STARTING OUT I was born in Newcastle (in Australia). My parents bought a farm and they wanted to give their kids a country lifestyle. Our family was Catholic on my father's side. My mother was not raised Catholic so she converted to marry my father. When I was little I was very cross-eyed so I had my first ophthalmologist visit before I was three years old. Over the years, I visited many ophthalmologists in Newcastle.

I'm proud to have been born on May 21, 1953, in the same month that Sherpa Tenzing and Sir Edmund Hillary reached the top of Mount Everest. I've always been connected to the Himalayas, but never in my wildest dreams thought I'd marry a mountaineer and forge a close relationship with the Nepalese people.

LOVE IN HER SIGHTS I met Fred Hollows (the renowned eye surgeon and humanitarian) on my first morning of optic lectures at the Prince of Wales Hospital, in Sydney. The government-backed National Trachoma and Eye Health Programme was in its early stages in 1975 and I was lucky to be invited to work with Fred on the project. I was about 22 and felt privileged to be a young white girl in remote Australia with our beautiful indigenous people. In three years, we visited 465 communities and saw about 112,000 people. It was life-changing for me, not just because I fell in love with Fred (they married in 1980, and had five children together).

We've restored sight to more than two million people ... but with four out of five blind people in developing countries still needlessly blind, there's still a lot of work to do
Gabi Hollows 



Australia was just the beginning - Fred was invited overseas to work on other blindness-prevention programmes in Southeast Asia and one of the first places he was invited to was Nepal. So I joined him and, with our family, we also travelled to Myanmar, Thailand and Bangladesh on a mission to end avoidable blindness. Fast-forward to today and we're still fighting blindness in Australia. The indigenous people have cataract blindness but also have a blinding disease called trachoma - Australia is the only first-world country that still has active trachoma. So you have to keep looking at it - chipping away at the coal face - following up and revisiting. If the living conditions are poor and the housing hardware not good, and you don't have hot and cold running water for ablutions and face washing, then trachoma will exist. Diabetes is also a big problem in the indigenous communities. And if you're a diabetic then one thing that happens is you have changes at the back of the retina, and haemorrhaging, and you can go blind from that.

HONG KONG FOCUS The Fred Hollows Foundation was founded in 1992 by Fred just before he died (of metastatic renal cancer in 1993). I was determined to continue his work. We're really excited about the new regional office in dynamic Hong Kong - it will help us better reach not just the blind in mainland China but also in the rest of Asia. The foundation's been in China since 1998 working with the government to provide services for rural, poor and ethnic minority communities. China has the highest burden of avoidable blindness in the world - 17 per cent of the global total. Up to 80 per cent of China's blind population lives in rural areas, yet about three-quarters of the country's 28,000 eye doctors work in urban hospitals. There are good hospitals in urban centres - well equipped and well staffed - but those in rural areas are inadequate and unaffordable.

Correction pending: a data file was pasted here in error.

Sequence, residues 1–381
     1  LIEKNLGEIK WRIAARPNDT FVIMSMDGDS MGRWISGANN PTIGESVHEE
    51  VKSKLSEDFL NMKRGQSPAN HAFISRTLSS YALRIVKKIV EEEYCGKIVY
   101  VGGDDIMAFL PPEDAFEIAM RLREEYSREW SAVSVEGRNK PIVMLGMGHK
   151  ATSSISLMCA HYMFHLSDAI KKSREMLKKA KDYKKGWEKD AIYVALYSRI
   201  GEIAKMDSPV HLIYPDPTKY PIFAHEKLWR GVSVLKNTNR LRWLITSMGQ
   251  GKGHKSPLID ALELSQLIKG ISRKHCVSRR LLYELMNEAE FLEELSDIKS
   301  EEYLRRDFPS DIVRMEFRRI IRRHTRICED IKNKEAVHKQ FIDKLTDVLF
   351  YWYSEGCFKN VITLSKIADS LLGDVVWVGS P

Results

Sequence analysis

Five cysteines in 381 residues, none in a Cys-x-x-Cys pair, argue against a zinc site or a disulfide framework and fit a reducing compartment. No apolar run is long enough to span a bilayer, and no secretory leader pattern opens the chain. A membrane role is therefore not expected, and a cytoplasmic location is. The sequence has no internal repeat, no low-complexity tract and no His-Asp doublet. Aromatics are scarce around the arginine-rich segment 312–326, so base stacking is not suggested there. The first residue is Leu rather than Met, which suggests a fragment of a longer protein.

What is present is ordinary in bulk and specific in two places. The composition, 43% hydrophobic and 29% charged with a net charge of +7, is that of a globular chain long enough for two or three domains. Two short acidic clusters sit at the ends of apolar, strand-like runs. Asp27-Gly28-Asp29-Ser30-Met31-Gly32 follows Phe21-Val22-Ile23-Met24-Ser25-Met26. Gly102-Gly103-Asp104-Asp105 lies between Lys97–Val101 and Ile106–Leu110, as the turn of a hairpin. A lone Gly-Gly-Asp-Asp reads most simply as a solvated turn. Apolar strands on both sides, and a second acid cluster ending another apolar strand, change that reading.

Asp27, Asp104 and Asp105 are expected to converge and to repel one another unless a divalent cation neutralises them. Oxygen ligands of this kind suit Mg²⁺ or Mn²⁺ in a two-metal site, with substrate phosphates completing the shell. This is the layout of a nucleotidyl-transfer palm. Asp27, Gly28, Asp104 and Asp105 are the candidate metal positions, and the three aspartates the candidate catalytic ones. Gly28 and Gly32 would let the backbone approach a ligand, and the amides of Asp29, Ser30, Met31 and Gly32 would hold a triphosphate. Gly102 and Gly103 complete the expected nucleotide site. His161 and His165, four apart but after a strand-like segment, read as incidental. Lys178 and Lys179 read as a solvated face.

China has the highest burden of avoidable blindness in the world
Gabi Hollows



BREAKING THE CYCLE Since the foundation began we've restored sight to more than two million people - often with a simple 20-minute operation. We work in more than 25 countries but with four out of five blind people in developing countries still needlessly blind, there's still a lot of work to do. We can save someone's sight for as little as HK$150.

We don't fly into a country and then fly out - Fred's practice was never to fly eye doctors into a country or hand out cash and walk away. He believed in partnerships with individuals, communities and governments and that everyone, no matter whether they were rich or poor, had the right to affordable eye care. He never discriminated. We've been training people on the ground and in countries - Pakistan, Vietnam, Laos, Nepal, Eritrea - for a long time now. So many people who are blind spend their lives sitting in the back of a dark room invisible to the people around them. Every patient who is blind has to be looked after by someone - usually a child or a woman - and those people are also removed from the community, and the poverty cycle continues. When we alleviate those people of those duties we give them back their freedom. When you give back sight to someone it is one of the most amazing things. Many times our doctors realise you don't need to speak the same language. You just have to smile.

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